That brings us to the intersection of hope and technology. Through the globalization of civil society, communication, and mass media, activists and human rights advocates across the world can learn useful protest strategies from each other. They can see what does and doesn’t work, and they can communicate, organize, inspire, and build off of one another. They can bring new insights to their own movements, as well as take part in social movements that are increasingly transnational in nature. The Hong Kong pro-democracy movement, the Black Lives Matter movement, and Greta Thunberg’s climate strikes have all inspired protests around the world; they have drawn millions of people globally to demonstrate together. Similarly, protesters in Belarus and Siberia have extended mutual support for one another in marching against their respective regimes. 

These demonstrations of transnational solidarity are vital, and they allow activists to learn how to build better protest movements together. At the same time, the Information Age requires protest leaders to build social movements in new and different ways. Social media is fantastic at provoking visceral reactions, especially to injustice. It drives people into the streets, but we still need to figure out how to better sustain these protests. Movements need to learn to harness hope in a constructive way that translates into results. Wlodarczyk, Basabe, Páez, and Zumeta argue that “the group members [of a protest] can perceive that the group is capable of changing the current situation through organized action; in consequence, this objective evaluation may foster the expectancy of success and positive feelings, which characterizes hope, which in turn fosters a stronger commitment to norms for action.”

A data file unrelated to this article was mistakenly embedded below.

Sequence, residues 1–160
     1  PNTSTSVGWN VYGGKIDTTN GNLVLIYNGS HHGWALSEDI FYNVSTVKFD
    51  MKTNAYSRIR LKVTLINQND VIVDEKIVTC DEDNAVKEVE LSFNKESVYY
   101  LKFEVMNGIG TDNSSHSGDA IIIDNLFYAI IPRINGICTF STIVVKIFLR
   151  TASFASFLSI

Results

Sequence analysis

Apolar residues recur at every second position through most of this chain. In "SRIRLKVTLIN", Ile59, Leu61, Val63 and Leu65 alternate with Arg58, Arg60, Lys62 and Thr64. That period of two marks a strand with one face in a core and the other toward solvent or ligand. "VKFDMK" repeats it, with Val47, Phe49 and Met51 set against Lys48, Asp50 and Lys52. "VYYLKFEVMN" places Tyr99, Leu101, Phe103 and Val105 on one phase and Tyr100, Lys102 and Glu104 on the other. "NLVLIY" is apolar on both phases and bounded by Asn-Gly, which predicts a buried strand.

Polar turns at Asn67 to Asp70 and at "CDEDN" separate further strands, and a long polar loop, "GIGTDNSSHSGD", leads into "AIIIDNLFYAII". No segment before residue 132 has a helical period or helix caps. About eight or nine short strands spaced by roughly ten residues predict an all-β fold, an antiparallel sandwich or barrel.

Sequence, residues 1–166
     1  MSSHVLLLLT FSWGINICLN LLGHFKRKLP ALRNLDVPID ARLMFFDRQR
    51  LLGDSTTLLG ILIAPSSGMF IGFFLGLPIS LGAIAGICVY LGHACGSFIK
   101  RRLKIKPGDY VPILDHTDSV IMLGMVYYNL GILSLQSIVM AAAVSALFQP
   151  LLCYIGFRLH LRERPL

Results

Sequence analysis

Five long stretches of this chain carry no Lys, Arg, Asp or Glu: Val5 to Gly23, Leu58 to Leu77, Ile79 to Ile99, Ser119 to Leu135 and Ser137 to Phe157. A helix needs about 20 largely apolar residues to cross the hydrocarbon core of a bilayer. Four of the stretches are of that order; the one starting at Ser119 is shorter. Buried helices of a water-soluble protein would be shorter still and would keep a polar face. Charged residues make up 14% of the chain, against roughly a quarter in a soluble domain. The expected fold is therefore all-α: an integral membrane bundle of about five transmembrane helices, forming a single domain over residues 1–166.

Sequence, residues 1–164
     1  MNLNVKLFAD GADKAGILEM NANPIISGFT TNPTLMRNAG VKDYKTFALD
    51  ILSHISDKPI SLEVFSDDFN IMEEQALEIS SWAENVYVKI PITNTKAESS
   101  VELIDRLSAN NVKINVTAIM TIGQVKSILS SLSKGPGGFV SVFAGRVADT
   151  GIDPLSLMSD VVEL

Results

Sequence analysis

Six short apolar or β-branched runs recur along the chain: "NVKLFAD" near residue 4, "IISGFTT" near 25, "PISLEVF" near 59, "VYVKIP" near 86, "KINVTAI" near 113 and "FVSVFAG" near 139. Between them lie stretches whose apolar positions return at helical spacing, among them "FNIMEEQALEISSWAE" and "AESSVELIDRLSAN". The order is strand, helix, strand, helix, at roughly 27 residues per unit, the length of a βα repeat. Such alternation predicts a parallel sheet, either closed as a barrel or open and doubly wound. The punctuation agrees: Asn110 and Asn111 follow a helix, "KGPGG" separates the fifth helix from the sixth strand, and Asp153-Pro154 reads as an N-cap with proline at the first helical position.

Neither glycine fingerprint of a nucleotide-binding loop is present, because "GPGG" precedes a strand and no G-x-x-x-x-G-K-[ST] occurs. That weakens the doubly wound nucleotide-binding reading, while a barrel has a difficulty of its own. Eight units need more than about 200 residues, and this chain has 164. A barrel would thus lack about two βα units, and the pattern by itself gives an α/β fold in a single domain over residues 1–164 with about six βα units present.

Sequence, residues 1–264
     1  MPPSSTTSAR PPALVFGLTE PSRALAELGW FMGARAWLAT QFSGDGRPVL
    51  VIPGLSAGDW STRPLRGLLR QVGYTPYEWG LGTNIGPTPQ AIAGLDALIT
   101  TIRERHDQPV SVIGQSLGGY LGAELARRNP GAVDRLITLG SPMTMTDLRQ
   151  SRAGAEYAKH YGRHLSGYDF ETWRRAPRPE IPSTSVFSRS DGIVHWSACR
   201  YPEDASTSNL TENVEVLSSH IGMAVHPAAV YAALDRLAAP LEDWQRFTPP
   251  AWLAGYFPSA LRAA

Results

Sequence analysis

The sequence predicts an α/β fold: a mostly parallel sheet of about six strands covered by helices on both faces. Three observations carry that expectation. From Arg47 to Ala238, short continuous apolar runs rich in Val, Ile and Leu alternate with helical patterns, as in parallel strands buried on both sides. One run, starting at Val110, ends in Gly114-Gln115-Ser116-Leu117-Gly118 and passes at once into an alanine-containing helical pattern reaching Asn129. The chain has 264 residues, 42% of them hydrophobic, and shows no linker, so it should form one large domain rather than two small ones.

If we want social movements to prosper in the twenty-first century, they will have to figure out how to utilize technology in a way that makes potential members believe that, through collective hope, change is possible. Activists must learn to turn social media clicks and views into deeper commitments. That starts with ensuring that they use social media in a way that isn’t solely grievance-driven. It’s not enough to argue against something, but they have to offer concrete solutions, goals, and hope for real change. That could be one of the reasons why protesters in Belarus continue to turn out week after week, while the Black Lives Matter protests failed to sustain their early momentum; in this case, the Belarusians have successfully harnessed the power of collective hope.

Title Image Credit: Natalia Fedosenko/TASS